According to Pete Rose, if steroids had been widely used when he was playing baseball, "I would have got 5,000 hits."

As it was, he accumulate 4,256 of them, more than anyone in the history of the game, one slashing single at a time.

He did it the old-fashioned way, studying pitchers, taking batting practice until the shaggers keeled over, and wanting it more than anyone around him.

"I'd walk through hell in a gasoline suit to beat you," Rose used to say, and there was no doubt he would.

Pete Rose, in the opinion of someone who covered him on a daily basis and saw that competitiveness, always looked for any edge he could get. In later years, this turned into a significant problem, but it never hurt him on the baseball field.

After games, back in the days when players would sit around for hours and talk about what just happened, Rose could recite nearly every pitch that had taken place - the ones he saw, and the ones thrown to all the other batters. He would study his game bat and point out the marks on it.

"That's where I fouled it off in the sixth," he would say, pointing to a smeary blemish near the handle.

"And that's the base hit up the middle in the eighth," he would say, pointing to a neat, round dot on the barrel.

Then he would clean the bat with alcohol and a rag, erasing the canvas in preparation for the next day and rub the barrel with a bone from a cow's leg to harden the surface.

Suffice it to say, you don't see that much anymore.

If steroids had been around when Rose was playing, and this is just one person's opinion, he would have taken them. If the other players were getting an edge, he would have been at the front of the line to join them.

That's speculation, but it isn't meant to demean Rose any more than it demeans those players who did take part in baseball's bulk-a-thon. In some eras, players sharpened their spikes into knife blades and threw spitballs. In some eras, they injected one another in the butt in the bathroom stalls of the clubhouses. If there is an edge out there, players will try to find it. That is what they do.

Rose, quite in character, is looking for any edge that might get him closer to entry into baseball's Hall of Fame. All those baseballs he has signed for the last two decades will be made obsolete when he can start adding HOF to the signature, and he is a man with a deep regard for new revenue streams. Aside from the final tally of runs in a game, it is how he has always kept score.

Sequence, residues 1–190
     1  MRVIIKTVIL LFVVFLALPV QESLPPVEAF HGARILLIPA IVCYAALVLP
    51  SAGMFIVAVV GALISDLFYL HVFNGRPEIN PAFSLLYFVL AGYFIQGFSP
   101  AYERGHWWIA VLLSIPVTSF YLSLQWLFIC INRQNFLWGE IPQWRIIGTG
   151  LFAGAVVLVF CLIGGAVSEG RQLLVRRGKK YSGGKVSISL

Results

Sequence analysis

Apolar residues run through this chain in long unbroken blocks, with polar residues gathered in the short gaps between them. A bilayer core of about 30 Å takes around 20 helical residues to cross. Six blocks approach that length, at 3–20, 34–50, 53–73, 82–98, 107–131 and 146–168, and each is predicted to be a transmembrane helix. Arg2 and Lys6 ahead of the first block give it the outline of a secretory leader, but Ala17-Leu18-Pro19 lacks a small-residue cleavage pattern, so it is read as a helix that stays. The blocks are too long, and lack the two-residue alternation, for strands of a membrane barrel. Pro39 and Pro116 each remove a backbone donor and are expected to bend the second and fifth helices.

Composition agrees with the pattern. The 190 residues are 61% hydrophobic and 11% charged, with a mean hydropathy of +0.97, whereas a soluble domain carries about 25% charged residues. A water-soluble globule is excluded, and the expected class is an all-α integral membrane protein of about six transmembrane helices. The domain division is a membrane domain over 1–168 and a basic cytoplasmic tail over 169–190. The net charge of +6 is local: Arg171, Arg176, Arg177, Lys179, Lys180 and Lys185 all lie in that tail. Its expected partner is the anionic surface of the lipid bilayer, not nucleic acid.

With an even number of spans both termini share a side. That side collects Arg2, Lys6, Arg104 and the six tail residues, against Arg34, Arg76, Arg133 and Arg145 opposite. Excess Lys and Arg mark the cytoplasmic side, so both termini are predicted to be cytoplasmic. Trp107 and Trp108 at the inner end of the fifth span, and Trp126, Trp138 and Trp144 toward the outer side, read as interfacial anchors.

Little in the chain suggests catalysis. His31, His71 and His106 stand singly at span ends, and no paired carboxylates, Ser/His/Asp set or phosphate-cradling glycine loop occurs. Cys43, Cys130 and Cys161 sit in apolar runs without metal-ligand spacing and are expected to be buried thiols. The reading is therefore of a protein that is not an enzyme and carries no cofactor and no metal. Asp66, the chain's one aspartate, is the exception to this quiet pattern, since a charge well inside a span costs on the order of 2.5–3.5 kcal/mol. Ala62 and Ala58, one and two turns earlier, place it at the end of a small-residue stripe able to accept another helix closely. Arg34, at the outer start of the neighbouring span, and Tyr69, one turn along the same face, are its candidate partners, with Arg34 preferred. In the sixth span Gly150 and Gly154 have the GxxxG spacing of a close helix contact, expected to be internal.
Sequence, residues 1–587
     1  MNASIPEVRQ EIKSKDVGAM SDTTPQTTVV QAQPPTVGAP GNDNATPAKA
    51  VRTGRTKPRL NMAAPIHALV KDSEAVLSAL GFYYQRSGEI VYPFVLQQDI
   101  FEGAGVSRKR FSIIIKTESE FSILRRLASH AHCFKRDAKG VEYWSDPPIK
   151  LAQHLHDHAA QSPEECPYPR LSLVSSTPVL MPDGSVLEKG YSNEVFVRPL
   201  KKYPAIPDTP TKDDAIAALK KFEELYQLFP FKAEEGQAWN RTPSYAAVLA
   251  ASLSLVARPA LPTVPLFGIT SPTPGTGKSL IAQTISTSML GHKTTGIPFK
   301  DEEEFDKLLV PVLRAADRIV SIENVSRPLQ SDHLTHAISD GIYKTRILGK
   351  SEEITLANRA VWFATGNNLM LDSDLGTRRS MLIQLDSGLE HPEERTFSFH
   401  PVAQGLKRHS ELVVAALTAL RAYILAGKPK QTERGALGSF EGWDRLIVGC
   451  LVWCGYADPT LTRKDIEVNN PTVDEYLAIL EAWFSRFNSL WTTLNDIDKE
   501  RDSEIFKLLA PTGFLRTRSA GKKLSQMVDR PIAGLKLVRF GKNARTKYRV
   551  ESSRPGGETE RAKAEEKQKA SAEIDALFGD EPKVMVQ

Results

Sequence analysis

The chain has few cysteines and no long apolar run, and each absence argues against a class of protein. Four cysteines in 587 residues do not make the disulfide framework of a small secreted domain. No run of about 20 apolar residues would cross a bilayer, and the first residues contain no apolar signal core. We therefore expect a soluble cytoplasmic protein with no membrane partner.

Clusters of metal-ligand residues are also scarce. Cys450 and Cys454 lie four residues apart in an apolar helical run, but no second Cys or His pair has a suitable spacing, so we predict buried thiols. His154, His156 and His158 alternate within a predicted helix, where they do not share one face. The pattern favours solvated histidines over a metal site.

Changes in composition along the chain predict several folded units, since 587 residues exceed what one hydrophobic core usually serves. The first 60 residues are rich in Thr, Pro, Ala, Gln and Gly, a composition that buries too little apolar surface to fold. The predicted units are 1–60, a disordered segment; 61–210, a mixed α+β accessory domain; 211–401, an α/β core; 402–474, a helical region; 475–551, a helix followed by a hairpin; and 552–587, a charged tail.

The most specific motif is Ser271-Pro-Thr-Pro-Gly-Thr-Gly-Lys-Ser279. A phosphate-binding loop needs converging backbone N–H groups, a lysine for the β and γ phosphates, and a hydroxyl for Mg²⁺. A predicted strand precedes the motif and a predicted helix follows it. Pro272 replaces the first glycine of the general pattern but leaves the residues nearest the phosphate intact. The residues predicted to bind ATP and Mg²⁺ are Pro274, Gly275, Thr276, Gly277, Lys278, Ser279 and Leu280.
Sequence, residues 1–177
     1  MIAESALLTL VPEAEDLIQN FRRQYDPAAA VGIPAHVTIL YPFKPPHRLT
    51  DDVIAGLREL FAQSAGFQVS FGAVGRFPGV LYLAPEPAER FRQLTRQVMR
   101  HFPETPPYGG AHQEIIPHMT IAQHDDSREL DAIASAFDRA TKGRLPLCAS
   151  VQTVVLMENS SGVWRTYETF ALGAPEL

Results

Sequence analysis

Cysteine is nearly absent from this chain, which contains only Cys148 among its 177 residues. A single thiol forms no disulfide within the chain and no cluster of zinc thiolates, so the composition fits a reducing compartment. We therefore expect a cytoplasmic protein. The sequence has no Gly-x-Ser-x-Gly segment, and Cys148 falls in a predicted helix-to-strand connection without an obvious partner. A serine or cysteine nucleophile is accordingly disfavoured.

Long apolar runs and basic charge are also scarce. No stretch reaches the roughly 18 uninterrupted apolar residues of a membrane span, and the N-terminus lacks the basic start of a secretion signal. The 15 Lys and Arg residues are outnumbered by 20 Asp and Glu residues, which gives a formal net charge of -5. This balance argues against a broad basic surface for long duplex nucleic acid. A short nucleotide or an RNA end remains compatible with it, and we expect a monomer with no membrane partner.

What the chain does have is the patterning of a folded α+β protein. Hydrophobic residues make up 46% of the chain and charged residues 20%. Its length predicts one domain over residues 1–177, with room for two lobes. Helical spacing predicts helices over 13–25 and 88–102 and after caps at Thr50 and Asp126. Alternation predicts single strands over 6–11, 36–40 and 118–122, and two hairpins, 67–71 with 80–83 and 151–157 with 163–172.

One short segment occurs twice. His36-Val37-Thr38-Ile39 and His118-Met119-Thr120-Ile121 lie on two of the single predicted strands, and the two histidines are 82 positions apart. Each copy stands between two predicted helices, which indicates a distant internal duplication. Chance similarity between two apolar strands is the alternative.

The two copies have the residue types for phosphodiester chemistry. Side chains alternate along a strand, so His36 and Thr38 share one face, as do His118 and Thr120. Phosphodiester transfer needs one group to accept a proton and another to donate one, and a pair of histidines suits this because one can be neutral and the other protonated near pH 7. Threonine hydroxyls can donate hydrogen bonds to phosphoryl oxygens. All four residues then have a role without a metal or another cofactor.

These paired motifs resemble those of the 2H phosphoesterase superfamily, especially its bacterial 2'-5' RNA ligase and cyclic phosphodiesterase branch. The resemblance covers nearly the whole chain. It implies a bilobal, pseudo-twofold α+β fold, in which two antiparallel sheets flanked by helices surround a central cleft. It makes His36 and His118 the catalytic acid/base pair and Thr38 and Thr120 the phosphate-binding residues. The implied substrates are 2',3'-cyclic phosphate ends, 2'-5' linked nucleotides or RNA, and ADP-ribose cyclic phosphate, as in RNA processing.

"If you're going to put these guys that supposedly did steroids into the Hall of Fame, I mean, I've got to get a shot somewhere," he said.

And that is the big question these days. Are these guys going into the Hall of Fame? Does Rose deserve a shot if they do?

The federal government may have something to say about that as the Justice Department turns its gaze on the coming perjury trial of Barry Lamar Bonds. The feds batted .333 in their three-count indictment of track coach Trevor Graham, getting a conviction Thursday on a charge of lying to investigators. One of the other charges - that Graham lied when he said he never met drug distributor Angel Heredia - failed to get a conviction, even though the jury was shown a picture of Graham and Heredia together. It's hard to understand how even the government could mess that up, but perhaps you had to be in court for the entire trial, which we are very glad we weren't.

Next to bat is Bonds, and if he is convicted of a felony, that should take care of his Hall of Fame chances. Perhaps Rose was a gambler and a disreputable character, but all of his hits were legitimate. You can't say the same about all of Bonds' home runs. His numbers were cooked, and so should be his chance of gaining immortality in Cooperstown.

"I never thought anybody would make me look like an altar boy," the 67-year-old Rose said.

That is hardly the case, and if you ever find yourself in that church, it would be a good idea to keep an eye on the collection plate. But Rose makes a solid point that his situation isn't that different from the drug cheaters.

The Baseball Writers Association of America could have sent Rose to the Hall of Fame with write-in votes but chose not to. They will have a tricky job of judging the more recent crop of heroes. Sammy Sosa? He has 609 career home runs and nary a mention in the Mitchell Report. What's a voter to do?

What the baseball writers should do is get out of the voting business once and for all. It is an awful conflict of interest, and they have no business being involved. Baseball made this mess, and it isn't the job of supposedly impartial journalists to untangle it.

That is about as likely as Pete Rose being named the next commissioner, even though Pete would really like that. He's between jobs at the moment and just needs an edge.

Contact columnist Bob Ford
at 215-854-5842 or bford@phillynews.com. Read
his recent work at http://go.philly.com/bobford.